I know you said they won't repair it...but did you ask Titus if you can get a replacement swingarm?

If you can't get a replacement...then shame on Titus!!!
 

·
Registered
Joined
·
2,540 Posts
Discussion Starter #7
mtnbiker72 said:
I know you said they won't repair it...but did you ask Titus if you can get a replacement swingarm?

If you can't get a replacement...then shame on Titus!!!
Last I checked, they wanted $200 for a new swingarm, IF they still have any. Not worth it for a 5 y/o frame. I'll go for a $50 weld instead.
 

·
Former Bike Wrench
Joined
·
15,976 Posts
I disagree

myitch said:
Last I checked, they wanted $200 for a new swingarm, IF they still have any. Not worth it for a 5 y/o frame. I'll go for a $50 weld instead.
To each their own...but $200 for a swingarm on a frame that retailed for $1900 new isn't that bad. And way cheaper than any medical bills that may result from a crash as a result of a catastrophic failure from a hack weld job that your sure to get for $50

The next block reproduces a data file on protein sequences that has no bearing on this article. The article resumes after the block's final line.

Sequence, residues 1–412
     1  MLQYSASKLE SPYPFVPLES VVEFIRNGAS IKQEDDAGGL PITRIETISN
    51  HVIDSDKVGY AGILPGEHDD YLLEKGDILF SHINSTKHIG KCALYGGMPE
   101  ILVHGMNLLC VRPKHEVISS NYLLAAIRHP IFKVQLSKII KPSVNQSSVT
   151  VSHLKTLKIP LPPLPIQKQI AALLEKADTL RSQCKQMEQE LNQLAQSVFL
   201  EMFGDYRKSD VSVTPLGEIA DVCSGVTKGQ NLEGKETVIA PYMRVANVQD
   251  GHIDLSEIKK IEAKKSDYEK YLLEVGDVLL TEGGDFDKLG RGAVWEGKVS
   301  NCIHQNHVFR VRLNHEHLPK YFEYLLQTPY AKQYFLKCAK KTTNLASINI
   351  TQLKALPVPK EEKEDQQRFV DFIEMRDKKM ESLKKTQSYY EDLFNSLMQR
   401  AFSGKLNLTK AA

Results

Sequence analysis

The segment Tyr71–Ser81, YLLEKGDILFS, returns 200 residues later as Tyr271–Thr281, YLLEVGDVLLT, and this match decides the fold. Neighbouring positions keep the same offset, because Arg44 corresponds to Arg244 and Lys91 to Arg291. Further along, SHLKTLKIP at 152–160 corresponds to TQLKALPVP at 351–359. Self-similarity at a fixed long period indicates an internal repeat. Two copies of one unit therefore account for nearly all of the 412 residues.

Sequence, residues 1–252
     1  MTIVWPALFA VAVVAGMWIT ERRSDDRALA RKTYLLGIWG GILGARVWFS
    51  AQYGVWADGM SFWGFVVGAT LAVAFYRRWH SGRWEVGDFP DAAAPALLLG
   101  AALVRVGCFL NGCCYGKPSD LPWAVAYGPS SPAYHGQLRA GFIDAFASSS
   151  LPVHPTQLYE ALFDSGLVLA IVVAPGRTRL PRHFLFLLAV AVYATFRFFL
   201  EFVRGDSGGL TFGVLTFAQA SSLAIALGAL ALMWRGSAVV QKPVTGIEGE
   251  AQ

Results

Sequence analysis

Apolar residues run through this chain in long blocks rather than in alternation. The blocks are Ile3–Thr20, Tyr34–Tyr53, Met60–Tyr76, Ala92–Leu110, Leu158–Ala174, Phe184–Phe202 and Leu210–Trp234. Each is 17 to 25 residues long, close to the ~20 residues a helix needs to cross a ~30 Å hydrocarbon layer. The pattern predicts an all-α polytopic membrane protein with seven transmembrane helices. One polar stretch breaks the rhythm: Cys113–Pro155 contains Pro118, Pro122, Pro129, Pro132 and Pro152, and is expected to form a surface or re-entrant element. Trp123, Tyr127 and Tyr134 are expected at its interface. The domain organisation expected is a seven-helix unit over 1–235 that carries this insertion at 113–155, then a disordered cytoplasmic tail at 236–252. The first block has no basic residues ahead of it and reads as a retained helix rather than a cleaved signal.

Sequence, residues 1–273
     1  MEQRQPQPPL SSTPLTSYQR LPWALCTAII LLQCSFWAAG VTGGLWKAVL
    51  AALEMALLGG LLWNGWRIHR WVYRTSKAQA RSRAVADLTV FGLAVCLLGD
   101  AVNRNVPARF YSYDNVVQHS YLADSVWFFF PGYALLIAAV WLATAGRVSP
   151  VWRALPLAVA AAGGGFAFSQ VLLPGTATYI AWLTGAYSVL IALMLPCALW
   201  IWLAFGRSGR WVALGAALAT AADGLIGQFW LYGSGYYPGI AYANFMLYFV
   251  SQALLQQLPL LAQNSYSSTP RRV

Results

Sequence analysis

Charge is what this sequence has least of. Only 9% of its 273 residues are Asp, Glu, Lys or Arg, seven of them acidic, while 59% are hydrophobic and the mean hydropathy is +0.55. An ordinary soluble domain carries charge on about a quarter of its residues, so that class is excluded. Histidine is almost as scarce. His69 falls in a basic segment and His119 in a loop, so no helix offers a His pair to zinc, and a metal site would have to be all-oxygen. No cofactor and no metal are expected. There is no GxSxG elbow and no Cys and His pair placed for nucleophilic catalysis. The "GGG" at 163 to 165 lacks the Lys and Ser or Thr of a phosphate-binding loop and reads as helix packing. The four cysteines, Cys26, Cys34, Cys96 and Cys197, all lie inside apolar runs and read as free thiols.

but like I said...to each their own
 

·
Registered
Joined
·
4,667 Posts
kwrangln said:
Go for it. Take it to a reputable shop capable of welding Al and it'll be good to go. Dont worry about the heat treat, T-6 hardness is pretty much normalized for 6061 Al. Drill a hole equal to the thickness of the material at each end of the crack to stop propogation, groove the crack 1/2 the thickness of the material, and TIG that sucker up. Nothing to it and it will last a good while. Where you'll run into trouble is if the welder aint about his buisness and starts excessivily heating the base metal weakening it in the heat affected zone.

I'd have no trouble welding it, or riding it afterwards.
This man knows his ****.
 

·
Registered
Joined
·
68 Posts
mtnbiker72 said:
And way cheaper than any medical bills that may result from a crash as a result of a catastrophic failure from a hack weld job that your sure to get for $50

I'm curious why you would think that a welded repair is "hack"? And what does a $50 price tag for the repair have to do with it?